What do you think of the state of organized Reach Mahjong outside of Japan?
Mahjong isn’t as much of a cultural institution outside of Japan, but we’ve seen a lot of growth in Riichi play. Europe has a very strong scene, Russia has its own developing players and here in North America there are several groups – my own USPML in New York, the Club Riichi de Montreal (in Montreal, of course), the Pacific Mahjong League in California and other groups as well (Seattle, Texas, Chicago) (editor’s note: and upstate New York!). Obviously I can’t list them all and my apologies to anyone I forgot to mention! The important thing is that people are learning to play and groups are springing up all over.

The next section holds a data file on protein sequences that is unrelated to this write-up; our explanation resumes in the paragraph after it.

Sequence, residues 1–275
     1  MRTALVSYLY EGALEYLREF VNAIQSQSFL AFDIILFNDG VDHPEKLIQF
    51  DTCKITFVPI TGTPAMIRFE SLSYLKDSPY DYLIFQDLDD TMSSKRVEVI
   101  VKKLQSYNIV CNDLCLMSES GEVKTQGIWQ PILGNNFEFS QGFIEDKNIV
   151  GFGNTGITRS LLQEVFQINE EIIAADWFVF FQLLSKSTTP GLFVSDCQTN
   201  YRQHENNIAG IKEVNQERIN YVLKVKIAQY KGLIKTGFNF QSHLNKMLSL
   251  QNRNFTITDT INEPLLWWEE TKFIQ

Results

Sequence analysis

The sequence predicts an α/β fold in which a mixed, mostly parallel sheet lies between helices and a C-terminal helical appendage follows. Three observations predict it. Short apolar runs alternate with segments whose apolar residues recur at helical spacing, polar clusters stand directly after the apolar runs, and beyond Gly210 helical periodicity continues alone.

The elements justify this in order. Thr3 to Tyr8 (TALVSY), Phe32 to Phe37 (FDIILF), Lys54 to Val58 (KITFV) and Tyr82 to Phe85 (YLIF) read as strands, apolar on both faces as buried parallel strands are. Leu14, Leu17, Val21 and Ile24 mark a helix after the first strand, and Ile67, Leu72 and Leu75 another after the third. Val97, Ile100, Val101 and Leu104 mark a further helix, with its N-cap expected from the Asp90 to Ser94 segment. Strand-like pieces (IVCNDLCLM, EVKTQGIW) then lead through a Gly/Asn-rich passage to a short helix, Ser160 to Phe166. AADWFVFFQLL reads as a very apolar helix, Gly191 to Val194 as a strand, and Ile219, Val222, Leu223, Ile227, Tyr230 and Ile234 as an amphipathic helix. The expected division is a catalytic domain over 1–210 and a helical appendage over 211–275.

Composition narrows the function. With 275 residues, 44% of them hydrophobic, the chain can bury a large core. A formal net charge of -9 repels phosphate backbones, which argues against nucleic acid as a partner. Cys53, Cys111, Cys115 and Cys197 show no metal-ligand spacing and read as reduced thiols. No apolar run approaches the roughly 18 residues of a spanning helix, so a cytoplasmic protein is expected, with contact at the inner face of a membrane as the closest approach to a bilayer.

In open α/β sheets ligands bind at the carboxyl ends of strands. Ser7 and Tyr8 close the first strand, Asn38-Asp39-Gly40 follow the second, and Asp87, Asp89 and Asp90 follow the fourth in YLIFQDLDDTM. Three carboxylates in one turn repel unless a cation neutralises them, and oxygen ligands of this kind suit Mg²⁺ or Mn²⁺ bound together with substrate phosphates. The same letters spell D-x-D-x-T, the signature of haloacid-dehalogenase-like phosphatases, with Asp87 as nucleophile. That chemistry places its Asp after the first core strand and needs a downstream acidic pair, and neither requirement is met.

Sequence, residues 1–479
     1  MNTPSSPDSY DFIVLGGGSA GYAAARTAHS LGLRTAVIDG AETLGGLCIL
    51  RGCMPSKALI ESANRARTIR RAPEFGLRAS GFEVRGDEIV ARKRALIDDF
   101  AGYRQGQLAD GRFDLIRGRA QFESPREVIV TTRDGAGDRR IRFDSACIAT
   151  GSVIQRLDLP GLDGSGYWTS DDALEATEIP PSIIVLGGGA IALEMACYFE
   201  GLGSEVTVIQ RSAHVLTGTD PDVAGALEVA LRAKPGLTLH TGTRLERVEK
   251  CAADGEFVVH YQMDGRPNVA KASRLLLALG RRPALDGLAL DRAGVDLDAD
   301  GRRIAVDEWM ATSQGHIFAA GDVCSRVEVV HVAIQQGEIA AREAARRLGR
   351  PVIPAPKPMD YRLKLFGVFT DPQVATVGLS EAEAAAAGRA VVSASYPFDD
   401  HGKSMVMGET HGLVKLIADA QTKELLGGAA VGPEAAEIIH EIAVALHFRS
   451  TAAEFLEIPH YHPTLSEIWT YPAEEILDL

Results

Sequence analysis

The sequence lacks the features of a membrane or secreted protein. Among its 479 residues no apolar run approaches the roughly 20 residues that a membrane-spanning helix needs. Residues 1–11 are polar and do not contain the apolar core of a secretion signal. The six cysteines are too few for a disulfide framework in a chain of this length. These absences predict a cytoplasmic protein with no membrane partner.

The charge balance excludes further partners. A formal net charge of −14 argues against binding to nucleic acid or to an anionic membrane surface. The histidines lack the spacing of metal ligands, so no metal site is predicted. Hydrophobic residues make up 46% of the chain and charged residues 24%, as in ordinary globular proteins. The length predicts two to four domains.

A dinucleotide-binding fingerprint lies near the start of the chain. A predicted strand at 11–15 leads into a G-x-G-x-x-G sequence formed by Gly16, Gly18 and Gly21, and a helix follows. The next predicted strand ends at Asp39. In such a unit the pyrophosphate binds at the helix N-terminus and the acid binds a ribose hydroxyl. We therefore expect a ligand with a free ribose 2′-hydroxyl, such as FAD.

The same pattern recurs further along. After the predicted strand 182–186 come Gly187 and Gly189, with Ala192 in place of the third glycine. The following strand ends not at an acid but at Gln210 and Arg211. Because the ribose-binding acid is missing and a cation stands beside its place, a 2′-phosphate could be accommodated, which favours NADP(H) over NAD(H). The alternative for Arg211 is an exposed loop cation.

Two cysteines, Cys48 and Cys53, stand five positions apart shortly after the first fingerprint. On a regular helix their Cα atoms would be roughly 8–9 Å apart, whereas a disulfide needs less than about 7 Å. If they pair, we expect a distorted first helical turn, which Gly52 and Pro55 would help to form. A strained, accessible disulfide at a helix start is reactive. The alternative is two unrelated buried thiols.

The WRC has been a major positive force because it gives everyone something to aspire to. While I’ve been to some great tournaments in Europe, the fact that I’m not part of the EMA’s ranking system means I don’t really have any long-term investment in participation.
However, since the WRC is an international event, clubs in all nations can expect to be represented and work to produce the best competitors. I’m expecting a lot of growth!
Tell us more about the WRC (World Riichi Championship).
Unfortunately, I’m forced to admit that working with the WRC committee isn’t as fast-paced or glamorous as you might imagine – we don’t have a private jet or secret conferences.
What we do have is a very dedicated group of people from around the globe working together to build up the WRC as a major event!